Explain that hospital patients are exempt from dietary rules.

d.

Help the parent understand that meat provides protein needed for healing.

ANS: A

It is essential for the nurse to respect the religious practices of the child and family. The nurse should arrange a dietary consultation to ensure that nutritionally complete vegetarian meals are prepared by the hospital kitchen. The nurse should be able to arrange for a vegetarian tray. The nurse should not encourage the child and parent to go against their religious beliefs. Nutritionally complete, acceptable vegetarian meals should be provided.

PTS: 1 DIF: Cognitive Level: Application REF: 744

OBJ: Nursing Process: Implementation MSC: Client Needs: Psychosocial Integrity

13. In which cultural group is good health considered to be a balance between yin and yang?

a.

Asians

c.

Native Americans

b.

Australian aborigines

d.

African-Americans

ANS: A

In Chinese health beliefs, the forces termed yin and yang must be kept in balance to maintain health. This belief is not consistent with Australian aborigines, Native Americans, or African-Americans.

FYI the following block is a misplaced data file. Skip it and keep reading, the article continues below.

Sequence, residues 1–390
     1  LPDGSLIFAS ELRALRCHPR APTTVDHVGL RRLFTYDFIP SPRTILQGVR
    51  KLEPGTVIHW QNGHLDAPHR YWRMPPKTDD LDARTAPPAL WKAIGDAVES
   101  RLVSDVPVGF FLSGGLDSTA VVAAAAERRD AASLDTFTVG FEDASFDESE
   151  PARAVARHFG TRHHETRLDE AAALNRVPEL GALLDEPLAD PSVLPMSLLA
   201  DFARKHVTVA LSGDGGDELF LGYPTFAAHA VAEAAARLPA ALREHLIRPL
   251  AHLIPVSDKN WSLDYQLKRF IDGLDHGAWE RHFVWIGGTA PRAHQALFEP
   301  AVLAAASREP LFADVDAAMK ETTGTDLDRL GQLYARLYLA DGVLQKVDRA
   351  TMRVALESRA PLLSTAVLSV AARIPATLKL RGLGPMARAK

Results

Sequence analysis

PTS: 1 DIF: Cognitive Level: Comprehension REF: 746

OBJ: Nursing Process: Assessment MSC: Client Needs: Psychosocial Integrity

14. A young child from Mexico is hospitalized for a serious illness. The father tells the nurse that the child is being punished by God for being bad. The nurse should recognize this as:

a.

A health belief common in this culture.

b.

An early indication of potential child abuse.

c.

A misunderstanding of the familys common beliefs.

d.

A belief common when fortune tellers have been used.

ANS: A

A common health belief in the Mexican-American cultural group is that health is controlled by the environment, fate, and the will of God. This comment has no relation to child abuse. The father would not misunderstand the familys beliefs. This is a cultural belief. Mexicans may use the services of curanderos (healers), not fortune tellers.

PTS: 1 DIF: Cognitive Level: Application REF: 747

OBJ: Nursing Process: Assessment MSC: Client Needs: Psychosocial Integrity

MULTIPLE RESPONSE

15. Children are taught the values of their culture through observation and feedback relative to their own behavior. In teaching a class on cultural competence, the nurse should be aware that which factor(s) may be culturally determined (Select all that apply)?

a.

Degree of competition

b.

Racial variation

c.

Determination of status

d.

Social roles

e.

Geographic boundaries

ANS: A, C, D